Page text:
In bilaterian animals, the chromo domain appears obligatory for Su(var)3-9 proteins. However, there is a great variability in length and sequence of the protein region N-terminal to the chromo domain. We found that, in true insects (Ectognatha), this protein region generally contains the N-terminus of the functionally unrelated γ subunit of the eukaryotic translation initiation factor2 (eIF2γ). Moreover, we detected that in twelve genera of insects, belonging to the eight different orders Zygentoma, Odonata, Dermaptera, Hemiptera, Hymenoptera, Coleoptera, Lepidoptera and Diptera, Su(var)3-9 and eIF2γ mRNAs have identical 5'ends, encoding a common N-terminus of both proteins that is between 79 to 84 amino acid residues long (Fig. 2, 4). In 20 out of 22 examined species of true insects, we gained evidence by genomic and/or cDNA sequence analysis that a Su(var)3-9-specific exon is located inside the intron 81-1 of eIF2γ . In each case, the expression of both gene products is regulated by alternative splicing. The common N-terminus of both proteins takes part in important functions inside eIF2γ proteins (for e.g. GTP binding) but does not constitute a closed globular domain [18]. In Drosophila Su(var)3-9, this common N-terminus might be involved in completely unrelated functions (see below). The totally different role of the common N-terminus in both proteins led us to conclude that the fusion of the Su(var)3-9 and the eIF2γ gene was a non-selected, accidental evolutionary event. Therefore, it should have occurred only once.

On the other hand, we cloned non-fused, complete Su(var)3-9 cDNAs and gene structures from Araneus diadematus (spider, Chelicerata) and Allacma fusca (springtail, Collembola). We noted further that the eIF2γ intron 81-1, containing the Su(var)3-9-specific exon under fused conditions, was found in all examined Hexapoda (including Allacma fusca, where it does not contain a Su(var)3-9 exon) and in Oniscus asellus (woodlouse, Crustacea) but not outside the Pancrustacea [19]. Thus, the Su(var)3-9/eIF2γ gene fusion has occurred in the common ancestor of winged insects and silverfishs after the branching of collembolans and may be a synapomorphy of the Dicondylia or the Ectognatha (Dicondylia+Archaeognatha).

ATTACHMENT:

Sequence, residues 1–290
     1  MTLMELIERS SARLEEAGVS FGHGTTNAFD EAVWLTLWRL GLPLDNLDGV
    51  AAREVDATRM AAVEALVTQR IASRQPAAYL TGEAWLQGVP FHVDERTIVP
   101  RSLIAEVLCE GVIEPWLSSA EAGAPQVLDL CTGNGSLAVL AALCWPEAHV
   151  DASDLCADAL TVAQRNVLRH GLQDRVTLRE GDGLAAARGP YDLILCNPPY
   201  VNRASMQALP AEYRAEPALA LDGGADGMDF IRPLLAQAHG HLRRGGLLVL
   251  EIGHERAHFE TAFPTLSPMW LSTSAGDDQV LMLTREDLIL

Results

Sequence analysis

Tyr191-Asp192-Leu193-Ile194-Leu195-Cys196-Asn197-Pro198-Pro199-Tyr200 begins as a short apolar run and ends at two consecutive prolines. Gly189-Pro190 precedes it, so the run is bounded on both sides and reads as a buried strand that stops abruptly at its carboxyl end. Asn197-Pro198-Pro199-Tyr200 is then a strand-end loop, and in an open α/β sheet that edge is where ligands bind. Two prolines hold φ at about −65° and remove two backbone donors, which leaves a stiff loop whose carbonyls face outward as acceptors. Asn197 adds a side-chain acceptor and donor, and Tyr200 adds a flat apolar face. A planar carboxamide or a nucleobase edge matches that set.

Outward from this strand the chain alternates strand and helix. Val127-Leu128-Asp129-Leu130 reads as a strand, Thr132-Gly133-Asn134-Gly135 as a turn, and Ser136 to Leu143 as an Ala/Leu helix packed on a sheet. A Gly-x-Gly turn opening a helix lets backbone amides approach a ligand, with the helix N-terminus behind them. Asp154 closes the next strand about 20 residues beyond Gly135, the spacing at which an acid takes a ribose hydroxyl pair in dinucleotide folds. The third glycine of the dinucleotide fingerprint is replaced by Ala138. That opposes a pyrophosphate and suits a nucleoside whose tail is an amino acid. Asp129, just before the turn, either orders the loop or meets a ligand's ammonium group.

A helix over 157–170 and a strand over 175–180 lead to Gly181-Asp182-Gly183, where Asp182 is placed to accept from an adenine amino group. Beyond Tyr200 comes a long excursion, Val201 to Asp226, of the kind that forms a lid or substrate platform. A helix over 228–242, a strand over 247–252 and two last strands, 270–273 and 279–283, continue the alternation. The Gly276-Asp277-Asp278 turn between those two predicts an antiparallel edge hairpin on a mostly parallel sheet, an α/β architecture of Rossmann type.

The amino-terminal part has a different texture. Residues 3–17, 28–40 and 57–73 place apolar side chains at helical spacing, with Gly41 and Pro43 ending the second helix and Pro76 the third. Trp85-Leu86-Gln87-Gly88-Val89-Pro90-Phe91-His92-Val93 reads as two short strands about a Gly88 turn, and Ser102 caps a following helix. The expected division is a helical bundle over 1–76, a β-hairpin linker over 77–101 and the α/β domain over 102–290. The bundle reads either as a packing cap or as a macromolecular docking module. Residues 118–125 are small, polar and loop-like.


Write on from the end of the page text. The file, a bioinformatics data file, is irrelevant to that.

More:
Concomitantly, we got evidence that this gene fusion has become evolutionarily reverted at least once during the evolution of hemipterid insects. The complete Su(var)3-9 cDNA and gene structure from the pea aphid Acyrthosiphon pisum (Fig. 2, 4) was cloned. No similarities to eIF2γ sequences were found in this Su(var)3-9 gene, and the 81-1 introns of the eIF2γ genes of Acyrthosiphon pisum and Aphis sambuci do not contain a Su(var)3-9-specific exon. Most interestingly, whereas the Aphis intron does not show significant similarities to other Genbank sequences, the Acyrthosiphon intron reveals a residual similarity to Su(var)3-9 SET domain sequences (Fig. 5). In RT-PCR experiments, we did not detect any expression of this genomic region. We conclude that the fusion of Su(var)3-9 and eIF2γ established in true insects was re-fissioned in a common ancestor of Acyrthosiphon and Aphis.

thumbnailFigure 5. Residual Su(var)3-9 ORF in the eIF2γ intron 81-1 of pea aphids. This reading frame is located between nucleotide 2138 and 2251 of the 2539-nt-intron in the same orientation as the surrounding eIF2γ ORF. The lower sequence is a consensus of 38 Su(var)3-9 proteins in the corresponding region SET-C. Positions are given according to D. melanogaster Su(var)3-9. Identical and similar amino acids are marked. Residues found identically in the majority of Su(var)3-9 proteins are boxed grey.

Alternatively, the Acyrthosiphon Su(var)3-9 gene might represent an unfused paralog, which exists beside of the Su(var)3-9/eIF2γ gene fusion in all true insects. Three arguments render this hypothesis highly improbable. (1) We have cloned Su(var)3-9 independently of eIF2γ from five genera of insects (Lepisma, Enallagma, Cercopis, Clytus and Scoliopteryx) and identified the connection with eIF2γ in each case later. (2) We were unable to detect an additional, non-fused Su(var)3-9 gene in complete or almost complete sequenced genomes of six insect genera (Apis, Tribolium, Bombyx, Aedes, Anopheles and Drosophila). (3) Both introns found in the non-fused Acyrthosiphon Su(var)3-9 gene are novel, because all introns identified in other metazoan Su(var)3-9 genes including the collembolan Allacma fusca are located in non-homologous positions of the ORF (data not shown). Thus, it is supposed that the aphid gene has acquired these introns after the fission of Su(var)3-9 from an eIF2γ gene. Therefore, we summarize that Su(var)3-9 represents a gene which was fused with and re-fissioned from a functionally unrelated gene during the evolution of insects.